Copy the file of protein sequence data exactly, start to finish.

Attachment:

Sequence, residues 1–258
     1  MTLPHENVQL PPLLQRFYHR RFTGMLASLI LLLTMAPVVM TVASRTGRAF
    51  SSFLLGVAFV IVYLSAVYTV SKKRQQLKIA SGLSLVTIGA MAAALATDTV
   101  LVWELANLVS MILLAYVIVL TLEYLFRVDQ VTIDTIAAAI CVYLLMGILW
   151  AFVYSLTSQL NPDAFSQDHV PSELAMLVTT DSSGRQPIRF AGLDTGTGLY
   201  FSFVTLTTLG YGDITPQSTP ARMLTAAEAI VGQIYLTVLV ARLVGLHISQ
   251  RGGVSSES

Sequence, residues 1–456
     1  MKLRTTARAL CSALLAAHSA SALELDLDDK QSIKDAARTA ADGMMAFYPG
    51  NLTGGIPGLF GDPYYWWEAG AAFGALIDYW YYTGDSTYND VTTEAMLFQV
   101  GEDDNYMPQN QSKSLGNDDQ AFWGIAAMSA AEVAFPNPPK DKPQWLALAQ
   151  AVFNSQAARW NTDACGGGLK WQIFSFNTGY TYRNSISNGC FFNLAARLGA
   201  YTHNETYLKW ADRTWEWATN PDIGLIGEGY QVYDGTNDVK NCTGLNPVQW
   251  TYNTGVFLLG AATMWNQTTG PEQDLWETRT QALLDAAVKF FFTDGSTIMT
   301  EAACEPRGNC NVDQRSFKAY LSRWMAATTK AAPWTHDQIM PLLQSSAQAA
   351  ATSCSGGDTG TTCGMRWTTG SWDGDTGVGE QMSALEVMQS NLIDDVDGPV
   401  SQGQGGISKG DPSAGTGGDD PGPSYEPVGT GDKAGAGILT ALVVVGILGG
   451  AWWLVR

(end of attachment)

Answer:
Sequence, residues 1–258
     1  MTLPHENVQL PPLLQRFYHR RFTGMLASLI LLLTMAPVVM TVASRTGRAF
    51  SSFLLGVAFV IVYLSAVYTV SKKRQQLKIA SGLSLVTIGA MAAALATDTV
   101  LVWELANLVS MILLAYVIVL TLEYLFRVDQ VTIDTIAAAI CVYLLMGILW
   151  AFVYSLTSQL NPDAFSQDHV PSELAMLVTT DSSGRQPIRF AGLDTGTGLY
   201  FSFVTLTTLG YGDITPQSTP ARMLTAAEAI VGQIYLTVLV ARLVGLHISQ
   251  RGGVSSES

Sequence, residues 1–456
     1  MKLRTTARAL CSALLAAHSA SALELDLDDK QSIKDAARTA ADGMMAFYPG
    51  NLTGGIPGLF GDPYYWWEAG AAFGALIDYW YYTGDSTYND VTTEAMLFQV
   101  GEDDNYMPQN QSKSLGNDDQ AFWGIAAMSA AEVAFPNPPK DKPQWLALAQ
   151  AVFNSQAARW NTDACGGGLK WQIFSFNTGY TYRNSISNGC FFNLAARLGA
   201  YTHNETYLKW ADRTWEWATN PDIGLIGEGY QVYDGTNDVK NCTGLNPVQW
   251  TYNTGVFLLG AATMWNQTTG PEQDLWETRT QALLDAAVKF FFTDGSTIMT
   301  EAACEPRGNC NVDQRSFKAY LSRWMAATTK AAPWTHDQIM PLLQSSAQAA
   351  ATSCSGGDTG TTCGMRWTTG SWDGDTGVGE QMSALEVMQS NLIDDVDGPV
   401  SQGQGGISKG DPSAGTGGDD PGPSYEPVGT GDKAGAGILT ALVVVGILGG
   451  AWWLVR